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Gonzalez Receives Chancellor’s Creating Community Award

Maru Gonzalez, an assistant professor and extension specialist in the Department of Agricultural and Human Sciences, was recently awarded the Chancellor’s Creating Community Award for Outstanding Faculty for her commitment to the advancement of diversity and inclusion at NC State University and the community through research, teaching, service and collaborative partnerships. The Chancellor’s Creating Community Awards recognizes outstanding faculty, staff, colleges, units, students and student organizations that have made exceptional efforts and contributions in the areas of equity, diversity and inclusion. Her work is guided by a strong commitment to diversity, equity, inclusion, and belonging, which informs her research, teaching, Extension work, and service to the university.

Gonzalez’s research interests include belonging, storytelling for social change, and youth development, particularly the experiences of LGBTQ+ youth in various contexts. As a community-engaged scholar, Gonzalez’s research has influenced her Extension work, specifically within 4-H. For example, her study on the knowledge, skills, and dispositions of 4-H professionals in relation to LGBTQ+ youth in North Carolina informed the development of professional development workshops and resources for 4-H staff across the United States, including Puerto Rico.

Dr. Gonzalez along with Outstanding Student Award winner, Irene Nazario and Alumni Legacy Award winner, Lyndenise Berdecia Rivera

Gonzalez’s expertise in LGBTQ+ youth belonging has made her a sought-after collaborator, and she has presented her research across Latin America to foster safer and more affirming schools. She has also developed a bilingual resource for caregivers of Latinx LGBTQ+ youth, which has been distributed to Extension centers across North Carolina and beyond. 

Gonzalez has made significant contributions to advancing diversity, equity, and inclusion efforts in youth-serving organizations, including 4-H, through her Critical Positive Youth Development framework. She is also the co-director of a multimedia program called #PassTheMicYouth (#PTMY), which includes a podcast and blog aimed at amplifying the social justice contributions of young people and developing resources for educators and youth-serving professionals, most recently a 20-lesson Amplifying Youth Voices curriculum. The #PassTheMicYouth program, which includes an annual Pass the Mic Camp for aspiring change makers, has also helped launch seven youth-led, social justice themed podcasts. Most recently, Gonzalez led #PassTheMicYouth and community partners in organizing a TEDxYouth event under the theme of “Inspiring Change.”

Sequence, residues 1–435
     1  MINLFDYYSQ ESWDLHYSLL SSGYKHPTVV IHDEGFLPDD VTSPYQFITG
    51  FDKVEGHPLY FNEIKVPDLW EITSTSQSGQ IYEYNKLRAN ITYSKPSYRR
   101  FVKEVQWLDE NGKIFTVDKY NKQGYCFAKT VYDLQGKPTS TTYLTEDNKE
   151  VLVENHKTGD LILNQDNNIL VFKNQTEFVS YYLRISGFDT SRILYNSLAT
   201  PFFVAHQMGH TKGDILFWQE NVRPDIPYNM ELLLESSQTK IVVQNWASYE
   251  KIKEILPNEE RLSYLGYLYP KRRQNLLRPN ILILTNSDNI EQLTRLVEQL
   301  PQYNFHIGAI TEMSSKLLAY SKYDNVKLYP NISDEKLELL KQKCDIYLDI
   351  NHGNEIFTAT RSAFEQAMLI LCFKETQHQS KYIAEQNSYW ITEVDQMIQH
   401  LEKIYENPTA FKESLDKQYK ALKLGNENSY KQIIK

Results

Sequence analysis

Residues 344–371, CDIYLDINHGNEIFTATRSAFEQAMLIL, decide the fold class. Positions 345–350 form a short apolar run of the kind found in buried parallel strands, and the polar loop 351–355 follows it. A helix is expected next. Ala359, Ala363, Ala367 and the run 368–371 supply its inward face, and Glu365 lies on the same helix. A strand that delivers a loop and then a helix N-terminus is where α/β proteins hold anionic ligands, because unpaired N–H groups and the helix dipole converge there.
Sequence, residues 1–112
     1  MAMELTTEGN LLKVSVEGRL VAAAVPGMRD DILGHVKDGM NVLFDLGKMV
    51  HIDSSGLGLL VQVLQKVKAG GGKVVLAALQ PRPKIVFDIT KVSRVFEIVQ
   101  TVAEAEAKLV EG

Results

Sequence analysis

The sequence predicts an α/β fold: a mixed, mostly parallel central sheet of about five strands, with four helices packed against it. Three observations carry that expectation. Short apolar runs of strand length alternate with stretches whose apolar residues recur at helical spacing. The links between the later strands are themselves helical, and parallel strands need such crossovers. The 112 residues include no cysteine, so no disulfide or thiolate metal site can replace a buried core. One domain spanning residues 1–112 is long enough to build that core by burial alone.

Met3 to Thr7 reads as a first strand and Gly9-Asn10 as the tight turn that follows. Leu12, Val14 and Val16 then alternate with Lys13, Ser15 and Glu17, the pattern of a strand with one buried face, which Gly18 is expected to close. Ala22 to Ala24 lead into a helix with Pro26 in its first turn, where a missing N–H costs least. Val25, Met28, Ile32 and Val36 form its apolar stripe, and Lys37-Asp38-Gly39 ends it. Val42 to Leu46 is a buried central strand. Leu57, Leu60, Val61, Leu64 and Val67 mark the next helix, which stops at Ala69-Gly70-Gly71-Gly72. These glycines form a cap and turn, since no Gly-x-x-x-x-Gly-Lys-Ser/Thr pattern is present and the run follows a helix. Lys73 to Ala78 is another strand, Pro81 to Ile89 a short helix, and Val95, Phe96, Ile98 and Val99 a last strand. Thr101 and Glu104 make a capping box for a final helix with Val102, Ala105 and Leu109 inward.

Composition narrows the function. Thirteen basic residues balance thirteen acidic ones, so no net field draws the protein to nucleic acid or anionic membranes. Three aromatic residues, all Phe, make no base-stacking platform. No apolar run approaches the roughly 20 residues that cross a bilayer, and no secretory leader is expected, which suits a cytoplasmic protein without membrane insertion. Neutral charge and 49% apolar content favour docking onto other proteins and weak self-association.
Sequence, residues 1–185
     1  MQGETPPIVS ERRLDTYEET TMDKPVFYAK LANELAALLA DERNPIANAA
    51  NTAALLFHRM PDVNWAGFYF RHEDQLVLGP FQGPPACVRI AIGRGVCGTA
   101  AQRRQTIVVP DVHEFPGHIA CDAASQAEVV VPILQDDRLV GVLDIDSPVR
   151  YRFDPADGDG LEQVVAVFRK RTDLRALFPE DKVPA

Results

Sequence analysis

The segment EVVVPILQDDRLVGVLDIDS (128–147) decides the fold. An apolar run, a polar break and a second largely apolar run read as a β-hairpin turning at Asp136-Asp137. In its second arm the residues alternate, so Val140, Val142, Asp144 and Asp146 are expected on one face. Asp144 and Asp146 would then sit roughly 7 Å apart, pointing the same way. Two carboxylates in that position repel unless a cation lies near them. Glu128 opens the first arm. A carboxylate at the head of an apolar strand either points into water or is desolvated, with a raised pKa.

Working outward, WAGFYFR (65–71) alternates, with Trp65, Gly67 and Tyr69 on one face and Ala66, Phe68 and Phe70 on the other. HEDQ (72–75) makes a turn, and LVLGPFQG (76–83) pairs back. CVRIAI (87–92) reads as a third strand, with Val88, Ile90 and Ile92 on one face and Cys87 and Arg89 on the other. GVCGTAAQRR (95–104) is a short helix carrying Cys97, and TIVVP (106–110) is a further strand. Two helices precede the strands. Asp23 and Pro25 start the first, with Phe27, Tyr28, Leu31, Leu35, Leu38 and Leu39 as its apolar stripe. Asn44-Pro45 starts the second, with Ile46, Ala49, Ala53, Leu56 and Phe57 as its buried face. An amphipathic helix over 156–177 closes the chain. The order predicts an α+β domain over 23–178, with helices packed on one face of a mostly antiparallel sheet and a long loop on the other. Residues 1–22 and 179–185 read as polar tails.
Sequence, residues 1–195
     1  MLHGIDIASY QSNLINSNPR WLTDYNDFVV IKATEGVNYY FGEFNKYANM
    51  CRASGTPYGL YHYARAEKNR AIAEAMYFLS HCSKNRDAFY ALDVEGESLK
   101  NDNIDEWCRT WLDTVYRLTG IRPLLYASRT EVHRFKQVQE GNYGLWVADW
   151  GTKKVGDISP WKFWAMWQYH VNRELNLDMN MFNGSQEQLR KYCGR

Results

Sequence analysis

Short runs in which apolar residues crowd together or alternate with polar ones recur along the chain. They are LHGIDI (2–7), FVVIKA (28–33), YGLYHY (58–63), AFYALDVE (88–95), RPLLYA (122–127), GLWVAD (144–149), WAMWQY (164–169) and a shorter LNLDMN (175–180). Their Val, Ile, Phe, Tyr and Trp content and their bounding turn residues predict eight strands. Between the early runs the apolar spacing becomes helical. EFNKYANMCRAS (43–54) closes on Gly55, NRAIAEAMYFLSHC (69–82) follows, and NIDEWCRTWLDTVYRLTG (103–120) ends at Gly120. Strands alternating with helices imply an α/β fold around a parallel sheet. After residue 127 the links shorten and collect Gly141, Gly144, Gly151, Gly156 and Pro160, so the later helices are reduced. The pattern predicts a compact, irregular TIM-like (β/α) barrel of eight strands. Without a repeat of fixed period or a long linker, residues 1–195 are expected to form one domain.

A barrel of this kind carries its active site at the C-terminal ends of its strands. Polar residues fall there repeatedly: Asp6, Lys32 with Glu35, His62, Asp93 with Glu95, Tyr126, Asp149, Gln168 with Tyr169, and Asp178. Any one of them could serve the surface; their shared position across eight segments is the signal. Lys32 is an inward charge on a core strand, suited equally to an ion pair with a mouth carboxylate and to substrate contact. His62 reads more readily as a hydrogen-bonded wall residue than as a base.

In her role as a scholar, teacher, and Extension specialist, Gonzalez has developed several courses related to advancing social justice and redesigned all her courses to prioritize diversity, equity, and inclusion. She is a recipient of the CALS Outstanding Graduate Instructor Award and is a sought-after guest lecturer on DEI-related topics. Dr. Gonzalez is also a DEI leader within Extension, serving as Co-PI for the Empowering Youth and Families Program, an opioid prevention education program in rural North Carolina and Tennessee. Gonzalez has facilitated over 40 DEI-related trainings for Extension professionals and community members and has trained all North Carolina 4-H professionals and camp staff on effective practices for supporting LGBTQ+ youth. Further, Gonzalez has co-authored a national 4-H social justice youth development curriculum, published numerous DEI-related factsheets and practitioner resources, and is currently leading a grant-funded Race Conscious Parenting program to provide caregivers and Extension agents with tools to talk to youth about race and racism, nurture self-love, and address systemic barriers.  

Dr. Corey Johnson, Kim Eshleman, Dr. Anneliese Singh, Dr. Maru Gonzalez, LaTosha Y. Bradley, JD and Dr. Annie Hardison-Moody
Corey Johnson, Kim Eshleman, Anneliese Singh, Maru Gonzalez, LaTosha Y. Bradley, JD and Annie Hardison-Moody at Dr. Singh’s Racial Healing workshop

The whole of Gonzalez’s work is focused on advancing DEI efforts that reverberate beyond the Ivory Tower and have a meaningful impact across NC State’s campus and the broader community. Gonzalez led the creation of a Candidate Evaluation Tool, adopted for use across the College, to mitigate bias and improve transparency in faculty hiring. She is an active member of the CALS Office of Diversity and Inclusion, chairs the College’s strategic equity, diversity, inclusion, belonging and well-being task force, and co-chairs her department’s Justice, Equity, and Belonging Committee. She also chaired her Department’s Racial Justice Committee for Extension, which ultimately led to the creation of a Diversity, Equity, Inclusion, and Accessibility (DEIA) Team within Extension.

In sum, Gonzalez’s record of DEI-related community engagement, scholarship, and service is significant and wide-reaching; her passion and commitment to social justice are infectious and transformative; and her egalitarian approach to leadership ensures that all members of the community have a seat at the table and that their voices are heard and valued. Gonzalez states “When it comes to effectively advancing diversity, equity, inclusion, and belonging, collaboration is paramount. I am indebted to every student, colleague, and community member who actively contributes to this important and necessary work — this award is just as much theirs as it is mine. And I am eternally grateful to work within a department and among colleagues who are deeply committed to centering equity and building belonging on campus and beyond.”